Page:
Solis maintains, however, that Monjaras-Castaneda does not support treating “transporting aliens” as “an alien smuggling offense”. There, under the pre-2001 version of the Guidelines, defendant contested a sentence enhancement due to a previous conviction for transportation of aliens. He contended that the parenthetical in the applicable definition in § 1101(a)(43)(N)-“relating to alien smuggling”-limited the scope of an aggravated felony under § 1324(a)(1)(A) or (2) to those that relate to alien smuggling. As noted, our court stated that the parenthetical was meant to be descriptive of the general content of § 1324(a)(1)(A) and (2), not a limitation on the offenses described in them. 190 F.3d at 331. Because the transportation of aliens was related to alien smuggling, our court held the enhancement was proper. Id. at 330.
Again, Monjaras-Castaneda compels the conclusion that, pursuant to the plain meaning of the Guideline at issue, “transporting aliens” is an “alien smuggling offense” for purposes of the Guideline. Restated, the Guideline includes Solis' prior “transporting” conviction.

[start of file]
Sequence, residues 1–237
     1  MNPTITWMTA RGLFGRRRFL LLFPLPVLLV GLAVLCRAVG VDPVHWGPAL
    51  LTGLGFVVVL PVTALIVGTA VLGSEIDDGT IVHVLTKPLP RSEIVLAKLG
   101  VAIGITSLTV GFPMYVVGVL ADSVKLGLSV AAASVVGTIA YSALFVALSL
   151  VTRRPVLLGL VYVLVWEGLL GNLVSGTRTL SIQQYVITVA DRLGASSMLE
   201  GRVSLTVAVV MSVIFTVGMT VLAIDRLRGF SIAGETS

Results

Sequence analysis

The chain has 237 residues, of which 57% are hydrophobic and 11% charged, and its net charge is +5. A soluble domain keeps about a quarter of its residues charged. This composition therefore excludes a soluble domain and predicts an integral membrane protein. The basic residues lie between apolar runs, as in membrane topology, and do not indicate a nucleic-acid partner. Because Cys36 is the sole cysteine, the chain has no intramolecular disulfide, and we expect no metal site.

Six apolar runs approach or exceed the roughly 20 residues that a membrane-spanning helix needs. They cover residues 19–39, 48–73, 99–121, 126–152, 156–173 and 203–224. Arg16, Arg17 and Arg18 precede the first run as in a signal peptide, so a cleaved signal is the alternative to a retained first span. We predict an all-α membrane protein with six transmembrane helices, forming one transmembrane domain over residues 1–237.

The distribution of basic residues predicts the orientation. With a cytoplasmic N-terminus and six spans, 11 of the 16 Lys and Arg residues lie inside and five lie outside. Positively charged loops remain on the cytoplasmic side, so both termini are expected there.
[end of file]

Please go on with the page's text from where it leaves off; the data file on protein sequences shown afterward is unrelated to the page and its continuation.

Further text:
In holding that the plain meaning controls, we reject Solis' reliance on the use of the term “smuggling” in other guidelines. Sections 2L1.1(b)(1), (2) impose enhancements “[i]f the offense involved the smuggling, transporting, or harboring of ․ aliens”. Solis contends that this section, immediately preceding the one at issue, § 2L1.2, demonstrates that “transporting” is not “smuggling”.
As noted, we disagree. First, § 2L1.1 does not speak of “an alien smuggling” offense, or of an “alien transporting” offense; it speaks of “smuggling, transporting, or harboring ․ aliens”. See U.S.S.G. § 2L1.1(b)(2). Second, the Guideline at issue, § 2L1.2, does not even mention “transporting” or “harboring” aliens, although such conduct equates with “smuggling” aliens; instead, it speaks only in general of “an alien smuggling offense”, not the “offense of alien smuggling”. See U.S.S.G. § 2L1.2 (b)(1)(A)(vii). This is the point brought home by our court's decision in Monjaras-Castaneda.
Notwithstanding our holding that the plain meaning of the Guideline controls, we note that Solis cites 8 U.S.C. § 1227(a)(1)(E)(i) for the contention that “transporting” is not a smuggling offense. Section 1227(a)(1) establishes classes of aliens removable upon order of the Attorney General. One of these classes is defined in subsection (E), “smuggling”. The statute allows the deportation of aliens who “knowingly ․ encouraged, induced, assisted, abetted, or aided any other alien to enter or try to enter the United States in violation of law”. 8 U.S.C. § 1227(a)(1)(E) (2002) (emphasis added). See also 8 U.S.C. § 1182(a)(6)(E)(i) (defining alien “smugglers” who are not eligible for visas).